Make Christmas more Ghanaian―Eat what you grow, grow what you eat and share what is yours

By  Mabel Delassie Awuku


I do remember vividly during my childhood days when families and friends would dash into our home with home-bred live chicken, yam, Ghanaian local rice, cassava and many other fresh farm produce for us to use during the Christmas celebrations. It is more fun when you are lucky enough to get a half piece of cloth to sew a new dress― a move that sends a wave of excitement in all of my siblings and I.


While growing up, I had observed a sharp turn of events on Christmas eve.  Most Ghanaians would rather patronize foreign products displayed in shops and hampers across the country and I do wonder what has happened to the Ghanaian Christmas which once served as a peak season for our farmers to make the best of sales and also as a boost for the Ghanaian economy as opposed the patronage of foreign goods which goes to boost other economies.


Christmas


Christmas across the world is a season of “Giving and Sharing” to commemorate Christ, whose birth was a gift to mankind and brought joy and good tidings for all Christians and non Christians alike. The season is characterized by giving, sharing and making merry to express joy in the Son of Man whose life brought great tidings to humankind. It also marks the end of the year which adds to the joy of surviving another year.


Although it is an event adopted from the Europeans, it has been given much recognition and prominence because of the common personality involved that stood for all regardless of the continent in which one is located.  


Here in Ghana, the breeze of Christmas starts announcing its presence in November when most Ghanaian Radio stations start playing melodious Christmas tunes to prepare and remind people about the event as well as conscientize the populace on exchange of gifts and the preparations towards the birth of Christ.


The actual festive day is crowded with several activities including beach parties, picnics, church activities and charity donations, among other varied activities. Cooking, eating and drinking cannot be left out of the events as it adds much excitement to an already joyous occasion.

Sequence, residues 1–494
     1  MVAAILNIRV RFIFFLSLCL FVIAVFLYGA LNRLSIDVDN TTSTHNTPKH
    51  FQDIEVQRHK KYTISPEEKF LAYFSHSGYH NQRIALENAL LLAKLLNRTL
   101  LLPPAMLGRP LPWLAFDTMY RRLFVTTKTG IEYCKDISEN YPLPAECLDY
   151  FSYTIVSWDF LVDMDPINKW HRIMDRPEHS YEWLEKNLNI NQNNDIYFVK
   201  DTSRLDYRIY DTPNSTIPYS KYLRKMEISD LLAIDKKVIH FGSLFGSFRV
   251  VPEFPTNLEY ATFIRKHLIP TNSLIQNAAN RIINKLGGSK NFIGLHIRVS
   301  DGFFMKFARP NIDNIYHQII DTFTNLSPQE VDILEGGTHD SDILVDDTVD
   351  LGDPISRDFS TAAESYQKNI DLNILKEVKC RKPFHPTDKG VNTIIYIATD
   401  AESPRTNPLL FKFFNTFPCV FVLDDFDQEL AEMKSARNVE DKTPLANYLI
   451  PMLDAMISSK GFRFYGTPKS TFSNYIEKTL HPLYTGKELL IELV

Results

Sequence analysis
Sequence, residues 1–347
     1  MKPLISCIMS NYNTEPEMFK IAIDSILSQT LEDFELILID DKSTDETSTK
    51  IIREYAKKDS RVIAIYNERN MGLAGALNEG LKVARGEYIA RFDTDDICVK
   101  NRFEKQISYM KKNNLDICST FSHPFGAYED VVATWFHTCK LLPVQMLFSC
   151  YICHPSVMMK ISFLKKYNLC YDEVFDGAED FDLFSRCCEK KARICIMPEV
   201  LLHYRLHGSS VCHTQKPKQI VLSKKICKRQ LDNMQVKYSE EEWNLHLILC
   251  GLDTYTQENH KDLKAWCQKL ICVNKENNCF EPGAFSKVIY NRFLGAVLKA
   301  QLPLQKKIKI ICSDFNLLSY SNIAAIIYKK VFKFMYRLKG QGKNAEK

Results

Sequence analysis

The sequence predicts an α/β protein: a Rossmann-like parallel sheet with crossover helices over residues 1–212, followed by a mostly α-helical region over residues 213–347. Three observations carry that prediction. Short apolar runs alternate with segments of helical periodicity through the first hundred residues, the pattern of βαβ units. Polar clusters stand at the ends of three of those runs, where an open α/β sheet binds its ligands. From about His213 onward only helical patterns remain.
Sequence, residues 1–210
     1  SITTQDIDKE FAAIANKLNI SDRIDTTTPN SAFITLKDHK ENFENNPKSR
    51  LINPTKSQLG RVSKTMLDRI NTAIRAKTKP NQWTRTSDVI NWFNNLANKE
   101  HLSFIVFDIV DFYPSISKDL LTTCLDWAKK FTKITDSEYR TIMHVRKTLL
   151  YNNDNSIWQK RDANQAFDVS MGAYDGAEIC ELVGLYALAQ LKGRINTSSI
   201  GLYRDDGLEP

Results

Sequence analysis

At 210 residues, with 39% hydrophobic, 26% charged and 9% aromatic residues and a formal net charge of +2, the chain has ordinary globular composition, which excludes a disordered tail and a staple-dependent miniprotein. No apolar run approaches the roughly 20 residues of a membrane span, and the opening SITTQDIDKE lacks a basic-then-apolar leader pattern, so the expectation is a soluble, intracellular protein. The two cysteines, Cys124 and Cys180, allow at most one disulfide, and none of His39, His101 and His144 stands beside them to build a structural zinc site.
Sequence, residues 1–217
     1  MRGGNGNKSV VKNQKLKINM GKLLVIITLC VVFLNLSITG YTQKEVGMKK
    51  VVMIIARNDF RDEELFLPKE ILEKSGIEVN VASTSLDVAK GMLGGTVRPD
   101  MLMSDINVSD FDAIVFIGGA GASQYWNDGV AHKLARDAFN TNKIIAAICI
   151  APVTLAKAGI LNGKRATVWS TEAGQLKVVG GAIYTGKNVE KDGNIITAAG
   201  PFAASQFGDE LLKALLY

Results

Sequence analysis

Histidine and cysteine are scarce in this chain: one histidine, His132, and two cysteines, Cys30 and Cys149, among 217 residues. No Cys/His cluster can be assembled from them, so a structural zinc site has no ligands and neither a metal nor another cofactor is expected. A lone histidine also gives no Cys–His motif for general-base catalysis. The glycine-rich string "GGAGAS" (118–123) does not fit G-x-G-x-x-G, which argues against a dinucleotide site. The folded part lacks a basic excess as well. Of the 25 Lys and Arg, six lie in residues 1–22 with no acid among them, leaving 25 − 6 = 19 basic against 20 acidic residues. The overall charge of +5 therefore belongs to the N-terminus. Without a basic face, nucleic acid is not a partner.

Ideal situation


For us, as a people, there is the need to build confidence in what we produce and eat at this festive because it will be a big boost to agriculture and, therefore, the general economic growth and development of the country.


 I asked friends, what would be wrong with a hamper with cassava, yam, rice, tomatoes and other farm produce, some Ghanaian made textiles, locally manufactured drinks from Ghanaian distilleries and others as Christmas presents, instead of foreign or imported items? And the response was a loud laughter and a great gaze at my face as if to say: are you okay? Or, better still, what could make you entertain this weird thought?


The idea of farm produce, some Ghanaian made textiles and locally-manufactured drinks from Ghanaian distilleries as Christmas present looked so unwelcomed and very unacceptable; yet it remains a fact that building confidence in what we produce and eat, not only at this festive occasion but also as a staple diet, will be a big boost to agriculture and, therefore, the general economic growth and development of the country.


There’s nothing wrong with offering hampers decorated with Ghanaian-grown vegetables, fruits and other farm produce as gifts for relatives and friends on Christmas day. It will, certainly, boost sales during the festive season, create  wealth and be in the position to provide for the home and to fully enjoy the festivities.


Conclusion


Advocacy for the patronage of locally-made products is not a call to discourage foreign trade but to encourage more local trade to create wealth for Ghanaian local farmers, traders and the economy at large.


It is a call to love Ghana first, patronize Made-in-Ghana goods. And for Christmas 2017 and beyond, it is hampers with farm produce, Ghana-made textiles and locally-manufactured drinks from Ghana’s distilleries.


Merry Christmas to all and a Happy New Year in advance


The writer is a staff of the Information Services Department (ISD).


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